• Disclose periodical reports;
• Plan revisions and upgrades of the city’s cycling plan, in the scope of a long run strategic vision;
• Manage resources.
Inspection and audit
Inspecting and evaluating cycling facilities can be focused on the cycling network, on the connections or routes, and on the facilities (path sections, crossings, bicycle parking). It can involve an infinity of aspects, including street surface inspection, cleaning, intersections, safety, etc. (Crow, 2016). It is fundamental to properly suit the cycling plan to the present needs and future evolution.
Bike Counters/Barometers
Electronic devices placed in strategic points of the cycling network exhibiting the number of cyclists that pass through that point throughout the day/month/year. They supply data regarding the number of users for monitoring services and the interventions’ impacts. Simultaneously, they serve has a sensitizing promotional tool by showing that cyclists are accounted for.
The choice for its location is a key factor, since it should be in a clearly visible place where plenty of cyclists go through regularly. In that sense, they should only be installed when there are numbers deserving to be publicly showed. Alternatively, there are counters without an exhibition mechanism, allowing for an initial data collection without disclosing the numbers publicly.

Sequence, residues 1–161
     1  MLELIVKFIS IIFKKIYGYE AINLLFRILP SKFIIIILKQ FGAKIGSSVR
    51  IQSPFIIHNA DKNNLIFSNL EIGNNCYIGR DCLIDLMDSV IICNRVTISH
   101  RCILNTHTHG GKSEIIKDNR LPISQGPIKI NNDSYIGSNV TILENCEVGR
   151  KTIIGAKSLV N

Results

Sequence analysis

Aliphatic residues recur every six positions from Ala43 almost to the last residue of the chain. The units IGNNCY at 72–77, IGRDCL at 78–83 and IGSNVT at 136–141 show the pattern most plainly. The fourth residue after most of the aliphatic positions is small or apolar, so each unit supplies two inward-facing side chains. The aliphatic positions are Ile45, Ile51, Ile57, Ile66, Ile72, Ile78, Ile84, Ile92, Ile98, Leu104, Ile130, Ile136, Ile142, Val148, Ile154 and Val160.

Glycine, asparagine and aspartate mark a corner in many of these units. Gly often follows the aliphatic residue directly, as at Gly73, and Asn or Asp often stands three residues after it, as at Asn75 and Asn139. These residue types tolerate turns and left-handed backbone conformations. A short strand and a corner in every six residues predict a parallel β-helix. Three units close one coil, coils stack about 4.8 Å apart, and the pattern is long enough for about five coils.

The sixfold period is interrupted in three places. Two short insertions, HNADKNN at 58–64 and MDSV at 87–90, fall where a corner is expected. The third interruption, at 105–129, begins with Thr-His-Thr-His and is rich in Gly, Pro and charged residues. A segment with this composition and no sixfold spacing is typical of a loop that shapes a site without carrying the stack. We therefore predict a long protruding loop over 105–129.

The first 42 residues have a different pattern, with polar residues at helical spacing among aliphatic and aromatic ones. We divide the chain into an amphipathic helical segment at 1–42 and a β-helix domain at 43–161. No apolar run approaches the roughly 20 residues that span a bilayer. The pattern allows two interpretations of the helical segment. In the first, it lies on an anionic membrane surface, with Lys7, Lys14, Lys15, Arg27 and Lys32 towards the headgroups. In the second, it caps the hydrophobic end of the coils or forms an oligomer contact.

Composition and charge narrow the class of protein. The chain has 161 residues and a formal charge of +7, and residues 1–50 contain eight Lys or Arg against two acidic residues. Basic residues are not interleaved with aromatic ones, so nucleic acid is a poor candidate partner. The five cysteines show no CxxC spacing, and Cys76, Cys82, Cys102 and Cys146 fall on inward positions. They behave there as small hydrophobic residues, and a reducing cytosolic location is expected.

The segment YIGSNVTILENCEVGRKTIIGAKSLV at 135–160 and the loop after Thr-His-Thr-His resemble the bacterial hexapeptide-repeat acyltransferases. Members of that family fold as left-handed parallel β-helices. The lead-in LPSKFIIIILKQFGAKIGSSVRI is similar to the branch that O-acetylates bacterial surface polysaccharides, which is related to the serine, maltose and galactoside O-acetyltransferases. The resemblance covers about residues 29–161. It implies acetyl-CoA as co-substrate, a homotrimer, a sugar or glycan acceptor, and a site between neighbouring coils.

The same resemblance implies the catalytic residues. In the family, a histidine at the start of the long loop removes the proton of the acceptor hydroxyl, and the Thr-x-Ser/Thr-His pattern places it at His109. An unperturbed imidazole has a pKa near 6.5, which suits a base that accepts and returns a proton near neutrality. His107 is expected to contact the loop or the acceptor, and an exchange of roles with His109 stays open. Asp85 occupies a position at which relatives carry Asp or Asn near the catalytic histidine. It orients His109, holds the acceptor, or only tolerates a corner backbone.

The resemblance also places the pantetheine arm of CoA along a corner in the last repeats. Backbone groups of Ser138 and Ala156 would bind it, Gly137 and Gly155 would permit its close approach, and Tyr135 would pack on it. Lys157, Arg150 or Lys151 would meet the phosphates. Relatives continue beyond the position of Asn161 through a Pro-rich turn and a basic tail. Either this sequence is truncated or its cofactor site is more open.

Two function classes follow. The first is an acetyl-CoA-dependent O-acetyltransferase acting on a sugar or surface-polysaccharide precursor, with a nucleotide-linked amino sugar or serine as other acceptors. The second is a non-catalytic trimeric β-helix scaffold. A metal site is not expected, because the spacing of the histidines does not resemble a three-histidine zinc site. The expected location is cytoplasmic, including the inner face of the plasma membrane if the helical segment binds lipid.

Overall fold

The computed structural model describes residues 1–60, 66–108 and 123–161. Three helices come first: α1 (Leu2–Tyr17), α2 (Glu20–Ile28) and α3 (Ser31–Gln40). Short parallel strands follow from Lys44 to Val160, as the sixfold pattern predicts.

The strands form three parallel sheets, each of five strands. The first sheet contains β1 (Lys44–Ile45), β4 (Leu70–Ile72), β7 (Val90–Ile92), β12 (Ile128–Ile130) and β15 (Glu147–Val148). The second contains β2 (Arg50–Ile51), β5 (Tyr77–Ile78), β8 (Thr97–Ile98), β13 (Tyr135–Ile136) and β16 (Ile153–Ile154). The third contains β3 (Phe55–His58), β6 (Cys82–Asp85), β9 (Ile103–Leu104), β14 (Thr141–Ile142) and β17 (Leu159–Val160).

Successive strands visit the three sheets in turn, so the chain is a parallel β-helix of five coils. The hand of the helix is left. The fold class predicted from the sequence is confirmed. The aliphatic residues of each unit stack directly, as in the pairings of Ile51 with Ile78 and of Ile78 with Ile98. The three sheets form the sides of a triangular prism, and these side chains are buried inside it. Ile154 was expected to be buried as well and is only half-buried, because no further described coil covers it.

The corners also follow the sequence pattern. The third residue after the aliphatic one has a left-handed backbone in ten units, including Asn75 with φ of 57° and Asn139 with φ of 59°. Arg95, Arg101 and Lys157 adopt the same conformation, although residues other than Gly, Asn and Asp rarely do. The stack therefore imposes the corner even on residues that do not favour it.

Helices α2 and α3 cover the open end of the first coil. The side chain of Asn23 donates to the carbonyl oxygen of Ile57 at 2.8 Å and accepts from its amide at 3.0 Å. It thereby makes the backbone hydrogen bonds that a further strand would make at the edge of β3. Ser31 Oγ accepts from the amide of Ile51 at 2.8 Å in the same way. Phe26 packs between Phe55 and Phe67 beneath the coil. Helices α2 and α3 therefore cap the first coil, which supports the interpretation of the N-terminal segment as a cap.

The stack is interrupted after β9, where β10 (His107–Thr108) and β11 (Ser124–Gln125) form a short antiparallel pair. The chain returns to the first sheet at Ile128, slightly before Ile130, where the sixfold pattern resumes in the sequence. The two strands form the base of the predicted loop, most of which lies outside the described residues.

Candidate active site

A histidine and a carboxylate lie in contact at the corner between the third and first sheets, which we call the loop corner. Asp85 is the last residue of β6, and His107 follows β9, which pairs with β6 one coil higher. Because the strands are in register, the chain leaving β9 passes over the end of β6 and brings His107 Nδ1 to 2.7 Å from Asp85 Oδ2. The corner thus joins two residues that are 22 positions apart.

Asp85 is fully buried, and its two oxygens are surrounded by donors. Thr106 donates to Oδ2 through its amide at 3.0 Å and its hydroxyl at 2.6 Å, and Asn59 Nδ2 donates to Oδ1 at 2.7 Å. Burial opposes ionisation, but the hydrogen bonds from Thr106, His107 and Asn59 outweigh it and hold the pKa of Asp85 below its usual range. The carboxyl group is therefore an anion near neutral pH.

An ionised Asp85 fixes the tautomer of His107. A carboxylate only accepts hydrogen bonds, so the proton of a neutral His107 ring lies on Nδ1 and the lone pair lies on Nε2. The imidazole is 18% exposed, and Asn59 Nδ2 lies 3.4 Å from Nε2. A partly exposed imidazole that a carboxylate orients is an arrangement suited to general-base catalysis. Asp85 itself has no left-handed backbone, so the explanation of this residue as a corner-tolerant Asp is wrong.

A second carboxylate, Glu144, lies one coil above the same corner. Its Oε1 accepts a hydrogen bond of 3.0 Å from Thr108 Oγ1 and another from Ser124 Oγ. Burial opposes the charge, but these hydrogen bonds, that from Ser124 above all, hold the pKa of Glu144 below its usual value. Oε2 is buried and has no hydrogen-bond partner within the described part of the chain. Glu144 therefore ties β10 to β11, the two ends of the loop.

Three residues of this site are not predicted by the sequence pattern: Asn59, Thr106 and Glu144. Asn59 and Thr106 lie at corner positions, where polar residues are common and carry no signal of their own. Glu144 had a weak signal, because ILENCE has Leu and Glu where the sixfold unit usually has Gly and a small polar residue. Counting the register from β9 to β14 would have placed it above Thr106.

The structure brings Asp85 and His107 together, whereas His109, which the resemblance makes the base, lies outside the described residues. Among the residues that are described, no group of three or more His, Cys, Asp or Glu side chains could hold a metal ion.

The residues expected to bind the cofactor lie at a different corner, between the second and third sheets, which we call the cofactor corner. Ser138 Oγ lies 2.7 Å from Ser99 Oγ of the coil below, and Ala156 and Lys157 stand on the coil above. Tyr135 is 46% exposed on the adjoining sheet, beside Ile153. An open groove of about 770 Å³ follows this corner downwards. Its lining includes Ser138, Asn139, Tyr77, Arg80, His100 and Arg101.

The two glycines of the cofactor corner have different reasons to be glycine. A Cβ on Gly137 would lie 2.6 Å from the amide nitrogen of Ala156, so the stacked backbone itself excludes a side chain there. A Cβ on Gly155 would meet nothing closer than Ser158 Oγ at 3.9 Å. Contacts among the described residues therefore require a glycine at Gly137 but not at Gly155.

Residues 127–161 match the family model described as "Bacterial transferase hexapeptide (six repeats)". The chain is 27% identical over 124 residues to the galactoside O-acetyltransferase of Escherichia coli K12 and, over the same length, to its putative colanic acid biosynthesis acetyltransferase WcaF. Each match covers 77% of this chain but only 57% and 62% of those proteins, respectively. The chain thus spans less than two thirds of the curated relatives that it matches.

Note: Counters may not supply a completely accurate account of cyclists (due to factors has the counting of pedestrians or missing one cyclists if he is blocked by another); yet they show the trend.

Learn more: https://peopleforbikes.org/blog/the-magic-of-bike-barometers/
Data collection and development of studies
For monitoring purposes, periodical studies and inquiries on mobility should be conducted with the purpose of identifying mobility patterns and their evolution, verifying their adequacy and better informing public policies. This will allow the construction of more consistent reports and the implementation of measures with better cost-benefit.